This morning, we visited the Embassy. The embassy is giant, surrounded by a huge fence, with tons of security. How American. Our actual visit was easy, the intake of documents. We will go back next week for the interview, once we have her passport.
It was a rainy day, so once we were done at the embassy, we had some downtime until we finally ventured out for lunch. We checked out Oliva, an Italian restaurant. It was really top notch in service and food.
I wanted to go to the Chernobyl Museum.
I don’t know what I expected, but I don’t think I imagined that the sadness would be so palpable.
The loss of life, homes, and the ripple effect that is still occurring.
The children in these photos are all my age, born shortly after the disaster. Their parents either lived near Chernobyl, or helped with cleaning it up. They are 7x more likely to have chromosomal abnormalities than their older siblings.
This gateway from a church which was burned down. It symbolizes the gateway between heaven and hell.
In black with white text, sign that would indicate that you’re leaving Chernobyl.
Vehicles from Chernobyl.
I can’t entirely wrap my brain around the extent of this tragedy. Frankly, I’m still trying to process what I saw. If you’d like to read more about how children are still affected, take a look at Chernobyl Children’s Fund.
The rest of our evening was low-key. We had eaten lunch late, so we decided to go to Lyiv Chocolate Factory for dessert, instead of dinner.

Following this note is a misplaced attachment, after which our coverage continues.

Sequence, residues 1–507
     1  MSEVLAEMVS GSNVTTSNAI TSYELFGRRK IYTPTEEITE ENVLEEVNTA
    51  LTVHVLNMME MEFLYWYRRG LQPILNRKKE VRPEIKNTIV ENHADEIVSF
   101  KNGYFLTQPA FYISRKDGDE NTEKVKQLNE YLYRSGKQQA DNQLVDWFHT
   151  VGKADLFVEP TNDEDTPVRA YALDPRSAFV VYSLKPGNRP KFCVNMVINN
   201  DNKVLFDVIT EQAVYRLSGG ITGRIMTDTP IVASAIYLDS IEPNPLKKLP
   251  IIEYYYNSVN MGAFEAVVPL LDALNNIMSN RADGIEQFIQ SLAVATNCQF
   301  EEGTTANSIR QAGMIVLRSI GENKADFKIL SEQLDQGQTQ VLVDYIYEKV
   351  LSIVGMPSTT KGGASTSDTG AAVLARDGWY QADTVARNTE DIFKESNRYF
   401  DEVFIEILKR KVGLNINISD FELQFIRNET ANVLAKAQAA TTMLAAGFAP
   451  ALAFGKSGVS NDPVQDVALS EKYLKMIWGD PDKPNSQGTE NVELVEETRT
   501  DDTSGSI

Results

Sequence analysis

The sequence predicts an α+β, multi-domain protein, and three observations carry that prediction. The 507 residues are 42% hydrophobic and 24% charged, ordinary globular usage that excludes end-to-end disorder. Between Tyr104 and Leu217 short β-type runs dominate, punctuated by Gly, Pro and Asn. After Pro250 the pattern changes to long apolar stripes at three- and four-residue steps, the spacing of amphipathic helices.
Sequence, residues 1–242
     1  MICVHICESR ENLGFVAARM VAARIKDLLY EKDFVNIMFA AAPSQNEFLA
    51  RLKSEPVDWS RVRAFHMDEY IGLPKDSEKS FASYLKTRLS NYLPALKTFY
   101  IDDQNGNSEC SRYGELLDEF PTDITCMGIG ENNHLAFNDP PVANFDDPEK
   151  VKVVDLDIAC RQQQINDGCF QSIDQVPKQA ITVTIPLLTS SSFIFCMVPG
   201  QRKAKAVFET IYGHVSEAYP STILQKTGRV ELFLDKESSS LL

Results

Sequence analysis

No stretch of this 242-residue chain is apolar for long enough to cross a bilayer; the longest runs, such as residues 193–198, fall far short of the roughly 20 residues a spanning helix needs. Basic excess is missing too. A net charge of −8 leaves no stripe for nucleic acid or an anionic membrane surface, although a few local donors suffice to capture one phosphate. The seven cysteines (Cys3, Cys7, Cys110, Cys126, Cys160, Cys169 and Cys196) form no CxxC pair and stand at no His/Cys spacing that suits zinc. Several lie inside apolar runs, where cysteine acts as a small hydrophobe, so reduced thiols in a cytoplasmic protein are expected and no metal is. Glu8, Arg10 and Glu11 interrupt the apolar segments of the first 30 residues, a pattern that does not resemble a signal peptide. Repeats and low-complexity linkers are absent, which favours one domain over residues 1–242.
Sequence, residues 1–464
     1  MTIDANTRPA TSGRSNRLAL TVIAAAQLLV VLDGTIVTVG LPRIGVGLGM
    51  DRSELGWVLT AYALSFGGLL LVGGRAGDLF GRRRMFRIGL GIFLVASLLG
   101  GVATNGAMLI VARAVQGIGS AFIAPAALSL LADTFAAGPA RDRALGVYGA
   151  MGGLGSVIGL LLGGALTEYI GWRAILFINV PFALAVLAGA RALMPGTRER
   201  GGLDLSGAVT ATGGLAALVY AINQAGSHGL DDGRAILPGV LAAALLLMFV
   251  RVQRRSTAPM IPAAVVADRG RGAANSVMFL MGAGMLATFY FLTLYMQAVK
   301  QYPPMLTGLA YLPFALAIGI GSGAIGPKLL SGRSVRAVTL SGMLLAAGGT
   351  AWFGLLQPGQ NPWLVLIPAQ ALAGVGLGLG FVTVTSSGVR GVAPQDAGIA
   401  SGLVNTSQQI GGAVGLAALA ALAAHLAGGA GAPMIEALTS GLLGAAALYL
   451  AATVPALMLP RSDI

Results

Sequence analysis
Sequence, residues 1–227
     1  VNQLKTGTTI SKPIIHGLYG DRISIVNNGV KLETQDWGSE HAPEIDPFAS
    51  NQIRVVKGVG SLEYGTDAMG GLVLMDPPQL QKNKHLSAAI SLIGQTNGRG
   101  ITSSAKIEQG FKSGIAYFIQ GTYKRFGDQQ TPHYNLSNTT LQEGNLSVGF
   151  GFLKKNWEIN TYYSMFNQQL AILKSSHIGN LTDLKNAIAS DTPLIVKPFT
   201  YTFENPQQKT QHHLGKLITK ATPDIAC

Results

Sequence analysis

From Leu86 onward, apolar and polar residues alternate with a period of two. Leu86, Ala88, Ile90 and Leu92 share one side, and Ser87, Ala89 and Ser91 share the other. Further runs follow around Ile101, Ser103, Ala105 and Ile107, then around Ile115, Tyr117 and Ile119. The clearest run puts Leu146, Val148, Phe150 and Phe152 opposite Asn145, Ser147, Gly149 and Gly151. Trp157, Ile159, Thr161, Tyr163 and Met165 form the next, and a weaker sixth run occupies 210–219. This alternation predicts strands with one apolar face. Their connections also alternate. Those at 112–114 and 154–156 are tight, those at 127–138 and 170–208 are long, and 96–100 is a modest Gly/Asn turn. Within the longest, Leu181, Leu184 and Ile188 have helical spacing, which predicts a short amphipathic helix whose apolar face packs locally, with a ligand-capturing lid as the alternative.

I got chocolate Spartak cake.
Lyuda got vanilla ice cream with chocolate sauce. And my mom got blueberries and cream.
It’s amazing we’ve only gone here once when it’s right next to our apartment.
Tomorrow, the only thing on the agenda is to go back and have Lyuda’s TB test read.
2 thoughts on “Chernobyl”
Hi Molly, I followed along for your first trip to see Lynda but somewhere in between trips I lost the password to read the protected blog. Could you please resend that to me? I would very much appreciate being able to follow the rest of your journey home. We personally know the excitement, hard work and joy as we brought home our two boys from Ukraine late last summer. Thanks, Darynda Spencer ________________________________
What an amazing opportunity! I’ve never seen pictures like that. Usually all you see are the photos of abandoned schools, playgrounds and such. Thanks for sharing.